I found this nifty (and much improved) page on the Army Corps of Engineers – Portland District webpage while chewing through my salad and meatballs for lunch. You can click on the image to get a closer look. It’s pretty obvious that there is a LOT of storage capacity in the Willamette Basin right now. Reservoirs are nearly empty in anticipation of either a flooding event, or more likely, lots of spring snowmelt. I sure see no sign of any warm/rainy event that would last several days. You can go to this link to find the same map, but a bit more interactive: Willamette Reservoir Info
Short term weather shows another Pacific frontal system approaching the Northwest. The atmosphere overhead warms significantly overnight. Combine that with cloud cover and temps should stay right near 40 degrees. Just ahead of the cold front tomorrow afternoon, the freezing level rises up to 5,000′ or so. It seems so excessively high, but that’s because we’ve had 3 weeks of very low freezing levels. Behind the front the 850mb temps drop to -5 or -6 tomorrow night and early Wednesday morning. Early in the winter we’d be all excited about snow to the hills, but obviously we’re all getting numb to that kind of talk now. That’s pretty clear by the lack of comments on the previous post…is everyone worn out? Waiting for the daffodils to come pushing up and the first 60 degree mostly sunny day??? Could be. But don’t fret. I see the ENSO Diagnostic discussion hints that La Nina may continue into next fall…hmmm…another La Nina winter? I’m sure we can discuss that in GREAT detail next summer right?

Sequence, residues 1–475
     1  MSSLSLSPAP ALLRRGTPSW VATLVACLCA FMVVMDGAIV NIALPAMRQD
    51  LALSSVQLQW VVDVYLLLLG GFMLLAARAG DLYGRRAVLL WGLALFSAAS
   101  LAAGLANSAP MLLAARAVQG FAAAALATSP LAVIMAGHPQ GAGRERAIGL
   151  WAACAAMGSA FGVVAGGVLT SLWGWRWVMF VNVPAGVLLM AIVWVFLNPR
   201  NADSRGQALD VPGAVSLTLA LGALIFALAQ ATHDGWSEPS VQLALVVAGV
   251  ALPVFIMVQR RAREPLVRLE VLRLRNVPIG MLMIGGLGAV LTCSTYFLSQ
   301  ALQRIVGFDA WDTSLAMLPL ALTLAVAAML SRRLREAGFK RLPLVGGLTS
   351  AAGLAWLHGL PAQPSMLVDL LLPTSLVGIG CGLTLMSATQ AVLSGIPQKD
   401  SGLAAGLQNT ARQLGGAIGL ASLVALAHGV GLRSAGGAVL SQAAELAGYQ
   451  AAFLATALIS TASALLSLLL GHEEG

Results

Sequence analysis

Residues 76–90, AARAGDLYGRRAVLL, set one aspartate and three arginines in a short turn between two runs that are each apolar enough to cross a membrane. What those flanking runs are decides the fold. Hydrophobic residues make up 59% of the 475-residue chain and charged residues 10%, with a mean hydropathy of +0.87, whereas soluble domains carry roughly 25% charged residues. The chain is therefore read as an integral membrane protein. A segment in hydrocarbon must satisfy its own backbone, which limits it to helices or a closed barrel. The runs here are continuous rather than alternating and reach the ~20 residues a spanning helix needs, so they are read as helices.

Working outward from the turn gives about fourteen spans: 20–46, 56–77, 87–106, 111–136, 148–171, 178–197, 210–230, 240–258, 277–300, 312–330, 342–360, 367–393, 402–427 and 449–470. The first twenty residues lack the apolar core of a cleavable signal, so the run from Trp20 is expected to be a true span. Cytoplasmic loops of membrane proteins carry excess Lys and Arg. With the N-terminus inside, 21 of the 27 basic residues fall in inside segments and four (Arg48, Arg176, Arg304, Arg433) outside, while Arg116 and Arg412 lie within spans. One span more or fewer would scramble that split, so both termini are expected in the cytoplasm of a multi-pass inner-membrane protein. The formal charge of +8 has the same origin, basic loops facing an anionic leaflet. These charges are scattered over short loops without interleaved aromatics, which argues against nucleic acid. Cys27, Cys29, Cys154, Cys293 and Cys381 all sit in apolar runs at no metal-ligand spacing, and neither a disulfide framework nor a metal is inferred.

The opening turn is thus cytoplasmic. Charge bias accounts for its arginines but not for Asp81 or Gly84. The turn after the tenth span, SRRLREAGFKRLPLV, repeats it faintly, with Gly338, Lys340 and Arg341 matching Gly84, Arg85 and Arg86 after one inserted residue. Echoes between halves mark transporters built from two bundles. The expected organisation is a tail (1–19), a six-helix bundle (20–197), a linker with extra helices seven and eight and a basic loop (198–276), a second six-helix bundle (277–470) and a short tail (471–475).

Another "warm" system comes through Thursday, followed by weak ridging over the weekend. The ECWMF was mostly dry with very warm 850mb. temps…from +2 to +5. The 12/18z GFS was significantly cooler with just the usual up/down freezing levels. No one storm from Friday-Tuesday looks all that interesting to me. Not compared to what we’ve seen THIS winter. No sign of lowland snow OR a big freeze in the next 10 days, which just about takes us out of the period when we can see a prolonged cold event. BUT, La Nina winters have often been followed by cool/wet starts to spring. I remember 4" of snow at 800′ elevation in mid March in 1999 (I think), and even 2" at that elevation around the 3rd of April. So those of you in the hills have the possiblity of snowfall for the next 6-8 weeks! Down here in the city, we know from just a couple year ago that snow can fall in the city through the first week of March…Mark Nelsen